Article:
The Snackbar implementation in Android does not encourage this type of implementation and in fact it doesn’t provide a callback to signal when the Snackbar view is no longer visible. The design pattern that Android wants you to follow for the example I have given is when the item is swiped from the display the item should be removed from the database immediately. You should keep the data needed to re-insert this item in the case that the user selects the UNDO action.

Positioning of the Snackbar

The Material Design specification of a Snackbar only stipulates that it is shown at the bottom of the screen. The example images in the specification show the Snackbar being horizontally centered, however the default position of the Snackbar in the Android design support library is the bottom left of the device if you do not use a CoordinatorLayout (see below). It is only possible to control the position of the Snackbar if you are using a CoordinatorLayout.

On smaller screen devices the Snackbar will take up the entire width of the screen, while on larger tablets sized screens the Snackbar will hit the maximum allowed width and not take up the entire width of the device.

Introducing CoordinatorLayout

When using many of the new elements introduced in the support library you will need to get to know the CoordinatorLayout.

CoordinatorLayout is a ViewGroup derived component that allows you to specify behaviors for child views to control how they interact with one another. If you recall one of the design rules for Snackbars was that they should not block the floating action button (FAB). With the newly released FloatingActionButton class blocking of the button is prevented by controlling the behaviors of the child views in the CoordinatorLayout.

By using a CoordinatorLayout you are also able to add padding or margins in order to move the Snackbar display position from the bottom of the screen.

Swipe to dismiss

Swipe to dismiss functionality is baked into the new Snackbar class when used in conjunction with a CoordinatorLayout. If you are finding that swiping on your Snackbar has no effect then check the type of View you are passing to the Snackbar.make() function. You don’t have to pass the CoordinatorLayout directly, passing a child view of a CoordinatorLayout is sufficient.

Duration of the Snackbar display

The Snackbar is not designed to be displayed indefinitely, but you are able to set the duration it is displayed before it is once again animated to hide it from the interface.

There are two standard lengths Snackbar.LENGTH_LONG, which is currently 2750 ms and Snackbar.LENGTH_SHORT which is currently 1500ms. It is possible to pass a custom display length in ms to the Snackbar.setDuration(int) function, and with the 22.2.1 release Snackbar.LENGTH_INDEFINITE is also a valid argument.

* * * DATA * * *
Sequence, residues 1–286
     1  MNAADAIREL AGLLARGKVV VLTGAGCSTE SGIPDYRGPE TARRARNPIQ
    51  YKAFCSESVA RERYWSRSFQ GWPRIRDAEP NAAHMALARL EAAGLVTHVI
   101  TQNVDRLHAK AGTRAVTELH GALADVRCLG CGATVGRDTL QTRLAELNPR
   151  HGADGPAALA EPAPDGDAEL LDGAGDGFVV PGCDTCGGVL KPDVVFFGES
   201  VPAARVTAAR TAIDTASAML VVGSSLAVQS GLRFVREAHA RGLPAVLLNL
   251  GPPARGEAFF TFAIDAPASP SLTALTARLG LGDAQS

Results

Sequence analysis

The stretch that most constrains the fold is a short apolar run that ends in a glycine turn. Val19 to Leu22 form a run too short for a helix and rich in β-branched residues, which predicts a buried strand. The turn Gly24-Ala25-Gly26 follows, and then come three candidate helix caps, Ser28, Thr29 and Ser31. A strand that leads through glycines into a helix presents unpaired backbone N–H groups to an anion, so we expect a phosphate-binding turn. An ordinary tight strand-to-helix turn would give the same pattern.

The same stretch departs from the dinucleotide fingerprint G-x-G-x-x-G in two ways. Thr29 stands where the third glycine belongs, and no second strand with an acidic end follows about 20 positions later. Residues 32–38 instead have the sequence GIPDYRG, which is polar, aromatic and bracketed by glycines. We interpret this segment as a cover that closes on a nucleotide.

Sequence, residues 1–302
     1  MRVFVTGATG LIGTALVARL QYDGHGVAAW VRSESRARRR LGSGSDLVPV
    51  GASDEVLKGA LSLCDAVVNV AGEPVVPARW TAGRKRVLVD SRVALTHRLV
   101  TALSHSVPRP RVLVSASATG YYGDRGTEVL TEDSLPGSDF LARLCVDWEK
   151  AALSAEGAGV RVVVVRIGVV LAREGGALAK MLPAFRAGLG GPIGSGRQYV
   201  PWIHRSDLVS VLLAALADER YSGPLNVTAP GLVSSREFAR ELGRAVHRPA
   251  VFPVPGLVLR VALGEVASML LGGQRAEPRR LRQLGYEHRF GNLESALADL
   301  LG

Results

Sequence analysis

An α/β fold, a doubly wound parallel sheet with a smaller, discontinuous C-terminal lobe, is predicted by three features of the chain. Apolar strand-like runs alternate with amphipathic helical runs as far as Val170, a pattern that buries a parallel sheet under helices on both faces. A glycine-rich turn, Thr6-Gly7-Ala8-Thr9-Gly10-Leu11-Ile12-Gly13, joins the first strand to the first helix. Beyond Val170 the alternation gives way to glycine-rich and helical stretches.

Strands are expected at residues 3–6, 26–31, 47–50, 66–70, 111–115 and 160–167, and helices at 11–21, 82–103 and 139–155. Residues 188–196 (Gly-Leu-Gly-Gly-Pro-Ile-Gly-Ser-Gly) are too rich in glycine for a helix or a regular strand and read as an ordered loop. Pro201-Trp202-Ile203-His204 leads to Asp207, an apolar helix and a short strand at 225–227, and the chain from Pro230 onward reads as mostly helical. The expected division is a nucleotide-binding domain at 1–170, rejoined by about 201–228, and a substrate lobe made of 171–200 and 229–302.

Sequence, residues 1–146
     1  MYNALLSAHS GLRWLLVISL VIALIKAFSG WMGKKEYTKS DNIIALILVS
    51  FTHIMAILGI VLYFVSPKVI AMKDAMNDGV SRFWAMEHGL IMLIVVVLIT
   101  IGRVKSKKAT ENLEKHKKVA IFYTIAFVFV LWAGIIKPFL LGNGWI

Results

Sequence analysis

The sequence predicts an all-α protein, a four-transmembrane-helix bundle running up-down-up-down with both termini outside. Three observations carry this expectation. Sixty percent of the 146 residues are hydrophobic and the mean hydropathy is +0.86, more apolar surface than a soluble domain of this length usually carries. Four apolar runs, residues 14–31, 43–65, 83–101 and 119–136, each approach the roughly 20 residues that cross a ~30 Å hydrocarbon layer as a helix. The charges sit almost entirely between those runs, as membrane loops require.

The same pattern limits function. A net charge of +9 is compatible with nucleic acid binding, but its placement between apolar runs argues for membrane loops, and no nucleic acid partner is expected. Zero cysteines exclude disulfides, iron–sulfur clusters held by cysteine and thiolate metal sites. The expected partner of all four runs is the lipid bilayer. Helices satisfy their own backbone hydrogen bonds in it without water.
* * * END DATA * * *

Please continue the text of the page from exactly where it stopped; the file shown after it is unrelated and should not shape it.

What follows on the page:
Adding bold text to your Snackbar message

You can add formatting such as bold to your Snackbar text using the Android Html class. The Html.fromHtml() function will generate a Spanned object that can be passed to the Snackbar.make() function:

Snackbar.make(view, Html.fromHtml("Add <b>bold</b> to Snackbar text"), Snackbar.LENGTH_LONG).show();

Adding multicolored text to your Snackbar message

You are able to add color combinations to the Snackbar text using the SpannableStringBuilder class. Using this class is also an alternative method for applying formatting such as bold to the Snackbar text.

Here is an example:

SpannableStringBuilder snackbarText = new SpannableStringBuilder();
snackbarText.append("Add ");
int boldStart = snackbarText.length();
snackbarText.append("bold color");
snackbarText.setSpan(new ForegroundColorSpan(0xFFFF0000), boldStart, snackbarText.length(), Spannable.SPAN_EXCLUSIVE_EXCLUSIVE);
snackbarText.setSpan(new StyleSpan(android.graphics.Typeface.BOLD), boldStart, snackbarText.length(), Spannable.SPAN_EXCLUSIVE_EXCLUSIVE);
snackbarText.append(" to Snackbar text");

Snackbar.make(view, snackbarText, Snackbar.LENGTH_LONG).show();
Snackbar colored text

Snackbar colored text

Using the Design Support Library with ProGuard

In the initial release of the Design Support Library (22.2.0) you may hit issues with ProGuard. At this stage I would recommend you exclude all the design support library from the effects of ProGuard. This will cause some unnecessary bloat and once an update of the design support library is released you should revisit this issue and look for some official documentation. For now you can add the following to your ProGuard rules:

-dontwarn android.support.design.**
-keep class android.support.design.** { *; }
-keep interface android.support.design.** { *; }
-keep public class android.support.design.R$* { *; }

Bigger is not always better

In the case of a Snackbar minimizing your text length is vital. Be succinct when writing text on the Snackbar, especially the action text. While the text must contain enough information that the user understands the meaning, it can’t be so verbose that layout problems are caused on small devices.

Ensure you test the layout of the text on a range of devices. While your text may look good on your shiny new 10″ tablet, spare a thought for those on the smallest devices your app is targeting.

If it is a possibility that you may localize your app in the future then think about the size of the text now to prevent more work down the track. Consider doing some pseudo-localization testing for your app, remembering that this text could possibly be twice as long after being translated from your apps native language. I have previously blogged about how to test localization using pseudo-localization on Android.


Snackbar specification:


Snackbar class:


CoordinatorLayout class:




Filed under Android SDK, Android Studio, Material Design